Knees are joints most prone to injury and also the most complex to heal. It can take a few days to recover from a sprain in the knee to months for more severe injuries. The joint, which joins the thigh bone to the two bones in the shin and also bears the weight of most of the body when it is upright, depends on the proper functioning of muscles in the legs, feet and even in the back and the abdomen for its well being.
An injured knee injured once and healed is also susceptible to relapse. So how do you know when your knee is strong enough to put it through physical activity? One researcher is listening to knees to find out.
Omer Inan, an electrical engineer at Georgia Tech University in the United States, once suffered knee pain himself. Inan used to be a discus thrower with a rigourous schedule of physical activity that particularly strained his knees. He would often feel that his knees were creaking and popping as he put more stress on them.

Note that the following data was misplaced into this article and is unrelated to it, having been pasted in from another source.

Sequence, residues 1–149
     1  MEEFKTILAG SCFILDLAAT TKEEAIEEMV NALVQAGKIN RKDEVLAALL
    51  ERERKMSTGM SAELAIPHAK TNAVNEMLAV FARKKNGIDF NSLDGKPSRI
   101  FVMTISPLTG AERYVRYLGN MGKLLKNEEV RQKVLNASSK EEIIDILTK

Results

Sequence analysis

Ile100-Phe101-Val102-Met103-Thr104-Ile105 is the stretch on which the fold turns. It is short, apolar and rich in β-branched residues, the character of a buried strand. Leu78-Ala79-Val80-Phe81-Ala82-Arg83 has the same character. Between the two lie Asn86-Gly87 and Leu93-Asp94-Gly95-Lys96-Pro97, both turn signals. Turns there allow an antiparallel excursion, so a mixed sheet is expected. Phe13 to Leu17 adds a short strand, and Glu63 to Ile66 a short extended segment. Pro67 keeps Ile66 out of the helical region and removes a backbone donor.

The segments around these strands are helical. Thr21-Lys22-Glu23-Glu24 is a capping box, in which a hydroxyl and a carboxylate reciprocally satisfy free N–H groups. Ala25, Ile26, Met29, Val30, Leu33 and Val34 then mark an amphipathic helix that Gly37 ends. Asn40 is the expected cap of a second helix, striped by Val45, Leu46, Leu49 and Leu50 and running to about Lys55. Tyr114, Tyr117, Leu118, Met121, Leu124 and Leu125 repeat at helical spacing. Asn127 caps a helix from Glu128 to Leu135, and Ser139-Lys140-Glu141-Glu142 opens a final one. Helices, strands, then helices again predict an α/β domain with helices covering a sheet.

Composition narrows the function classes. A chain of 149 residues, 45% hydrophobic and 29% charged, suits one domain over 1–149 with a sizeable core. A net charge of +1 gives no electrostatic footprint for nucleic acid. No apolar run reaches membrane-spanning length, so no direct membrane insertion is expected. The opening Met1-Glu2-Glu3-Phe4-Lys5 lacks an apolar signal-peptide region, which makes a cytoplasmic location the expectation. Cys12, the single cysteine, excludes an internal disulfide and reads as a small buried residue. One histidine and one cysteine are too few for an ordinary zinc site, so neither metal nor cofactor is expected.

When the Defense Advanced Research Projects Agency, a US government body, called for research proposals for wearable technologies for helping rehabilitation, Inan decided to work on knees, especially the sounds that stressed knees make.
Inan and his colleagues at Georgia Tech developed a knee band to which they strapped microphones and vibration sensors to record the sound emanating from a knee as it moves. They heard a lot of cracking, grinding and squishing, which they attribute to the bones in the joint rubbing against each other or against cartilage. In a study published in the journal IEEE Transactions in Biomedical Engineering, they describe how a healthy knee produces more consistent sounds while and injured knee makes erratic noises.
Inan’s device can help orthopaedic surgeons and physiotherapists better assess the recovery in an injured knee and suggest more rest or more activity accordingly.
Inan describes his novel experiment in this Scientific American video.